Nepai Kata

Nepai Kata

Katas are an indispensable part of karate.

They refer to solo routines that present a set number of techniques or seqences of techniques. Templates if you will.

Nepai kata is such a routine. Its origin is undoubtedly Chinese. Probably from Fuzhou.

Fuzhou is the port capital city of the southern Chinese province of Fujian. Fujian lies geographically speaking at close proximity to Okinawa. Okinawa being the birth place of Karate.

In Chinese-Fuzhou dialect nepai literally means two-eight, a quick way of saying twenty-eight. What this refers to is that Nepai kata consists of 28 sequences of techniques, or templates.

Early Karate styles developed on Okinawa during the start of the 20th century.

We assume some of these Karate styles directly descended from Fuzhou-based Chinese boxing systems.

However an alternative theory is that the kata that make up modern Karate styles were not transmitted from China in their entirety. Rather they were developed on Okinawa based on classical Chinese boxing routines such as Nepai.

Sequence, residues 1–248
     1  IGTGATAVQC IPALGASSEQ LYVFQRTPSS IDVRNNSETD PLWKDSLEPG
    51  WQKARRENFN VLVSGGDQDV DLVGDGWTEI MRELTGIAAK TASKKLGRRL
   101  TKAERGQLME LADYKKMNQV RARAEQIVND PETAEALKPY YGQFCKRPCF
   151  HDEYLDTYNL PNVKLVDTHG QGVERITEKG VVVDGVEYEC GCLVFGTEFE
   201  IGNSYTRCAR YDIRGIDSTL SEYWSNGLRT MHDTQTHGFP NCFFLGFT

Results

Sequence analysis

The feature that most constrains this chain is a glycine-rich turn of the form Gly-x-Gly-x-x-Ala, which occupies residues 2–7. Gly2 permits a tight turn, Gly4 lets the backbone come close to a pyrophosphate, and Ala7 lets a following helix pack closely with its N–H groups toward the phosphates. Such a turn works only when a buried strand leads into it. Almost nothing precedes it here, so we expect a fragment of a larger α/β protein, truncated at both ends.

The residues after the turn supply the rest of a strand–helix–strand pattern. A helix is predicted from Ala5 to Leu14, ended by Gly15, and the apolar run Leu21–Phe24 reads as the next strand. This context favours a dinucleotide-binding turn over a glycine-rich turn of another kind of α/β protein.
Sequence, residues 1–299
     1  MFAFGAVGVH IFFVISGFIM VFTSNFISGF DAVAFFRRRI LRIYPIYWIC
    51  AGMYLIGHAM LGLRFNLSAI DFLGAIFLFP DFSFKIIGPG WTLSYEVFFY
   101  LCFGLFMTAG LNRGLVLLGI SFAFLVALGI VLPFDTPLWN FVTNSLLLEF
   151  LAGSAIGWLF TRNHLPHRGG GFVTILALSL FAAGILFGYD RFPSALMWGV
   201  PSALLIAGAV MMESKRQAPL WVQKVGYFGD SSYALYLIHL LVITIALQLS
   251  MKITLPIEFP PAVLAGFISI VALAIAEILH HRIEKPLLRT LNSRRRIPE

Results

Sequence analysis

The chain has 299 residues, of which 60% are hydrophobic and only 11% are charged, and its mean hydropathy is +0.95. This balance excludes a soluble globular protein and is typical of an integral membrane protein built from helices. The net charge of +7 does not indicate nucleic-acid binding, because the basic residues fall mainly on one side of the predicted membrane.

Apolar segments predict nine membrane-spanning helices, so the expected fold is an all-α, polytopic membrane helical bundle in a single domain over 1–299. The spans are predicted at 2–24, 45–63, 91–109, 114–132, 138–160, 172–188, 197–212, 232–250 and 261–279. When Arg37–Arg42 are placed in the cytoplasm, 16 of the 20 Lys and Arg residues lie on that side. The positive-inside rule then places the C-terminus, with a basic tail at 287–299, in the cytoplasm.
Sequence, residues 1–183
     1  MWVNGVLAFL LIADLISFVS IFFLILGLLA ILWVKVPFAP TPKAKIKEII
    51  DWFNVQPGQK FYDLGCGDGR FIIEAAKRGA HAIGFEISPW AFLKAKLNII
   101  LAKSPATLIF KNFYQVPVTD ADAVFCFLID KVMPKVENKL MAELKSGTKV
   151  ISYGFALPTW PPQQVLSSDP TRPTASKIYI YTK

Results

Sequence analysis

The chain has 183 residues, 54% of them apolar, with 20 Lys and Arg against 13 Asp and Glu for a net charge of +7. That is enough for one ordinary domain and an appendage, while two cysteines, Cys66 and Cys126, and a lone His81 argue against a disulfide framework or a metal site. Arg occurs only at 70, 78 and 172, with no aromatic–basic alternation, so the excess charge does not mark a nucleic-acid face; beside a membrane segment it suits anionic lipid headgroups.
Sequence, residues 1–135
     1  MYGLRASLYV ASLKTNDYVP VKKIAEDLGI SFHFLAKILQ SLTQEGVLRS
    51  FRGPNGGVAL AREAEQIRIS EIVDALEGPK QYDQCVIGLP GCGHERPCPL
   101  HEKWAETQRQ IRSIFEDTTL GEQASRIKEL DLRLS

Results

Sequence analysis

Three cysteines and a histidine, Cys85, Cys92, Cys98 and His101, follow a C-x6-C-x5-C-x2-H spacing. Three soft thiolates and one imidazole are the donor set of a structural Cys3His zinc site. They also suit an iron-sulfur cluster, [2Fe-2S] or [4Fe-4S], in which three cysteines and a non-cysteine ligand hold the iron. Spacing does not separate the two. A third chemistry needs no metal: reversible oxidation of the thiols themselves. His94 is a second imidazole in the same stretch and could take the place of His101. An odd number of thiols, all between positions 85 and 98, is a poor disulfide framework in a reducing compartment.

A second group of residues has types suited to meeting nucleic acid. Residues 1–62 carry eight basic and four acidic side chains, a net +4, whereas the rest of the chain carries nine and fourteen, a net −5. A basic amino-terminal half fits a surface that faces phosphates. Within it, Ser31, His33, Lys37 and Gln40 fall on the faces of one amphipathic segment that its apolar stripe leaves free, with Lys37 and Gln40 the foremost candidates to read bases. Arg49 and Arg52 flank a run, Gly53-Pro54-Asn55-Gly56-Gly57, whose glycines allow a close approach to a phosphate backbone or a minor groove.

Higashionna Kanryo

Several early Okinawan Karate pioneers made the pilgrimage to Fuzhou to study martial arts there. Amongst them was Higashionna Kanryo (1853 – 1915). Upon Higashionna's return from Fuzhou he passed on what he learnt to his student Chojun Miyagi. Miyagi later became the founder of Goju Ryu karate.

Who exactly Higashionna studied under in Fuzhou remains a matter of much debate.

Hanshi Patrick McCarthy's research, and the official position of the International Ryukyu Karate Research Society (IRKRS), is that Higashionna studied under Xie Zhongxiang (1852 – 1930).

Xie's White Crane system however does not share any of the routines of Miyagi's Goju Ryu karate.

It seems then that, if Higashionna’s teacher was in fact Xie, the kata that make up Miyagi's Goju Ryu system did not come from Higashionna.

The alternative hypothesis then becomes more imminent. That is, that certain Goju Ryu kata, formerly believed to have descended from an unidentified Fuzhou-based Chinese boxing system, are in fact more recently created kata based on older classical routines from China.

Nepai Kata and The Bubishi

The Bubishi is a classic manual written in Fuzhou dialect somewhere towards the end of the Qing dynasty (1644 to 1912).

One of the theories as to how the Bubishi ended up on Okinawa is that Higashionna brought it back from Fuzhou upon his return. He then passed it on to his student, Goju Ryu karate founder Bushi Chojun Miyagi.

Miyagi referred to the Bubishi as the bible of karate, and used a poem from the Bubishi to derive the name goju ryu.

When we cross-reference the routines listed and mentioned in the Bubishi however, with the kata we find in Goju Ryu, again we find none are one and the same.

Interestingly, and particularly to those who find it hard to believe Higashionna studied under Xie, Happoren, Xie’s first classical routine, is mentioned in the Bubishi.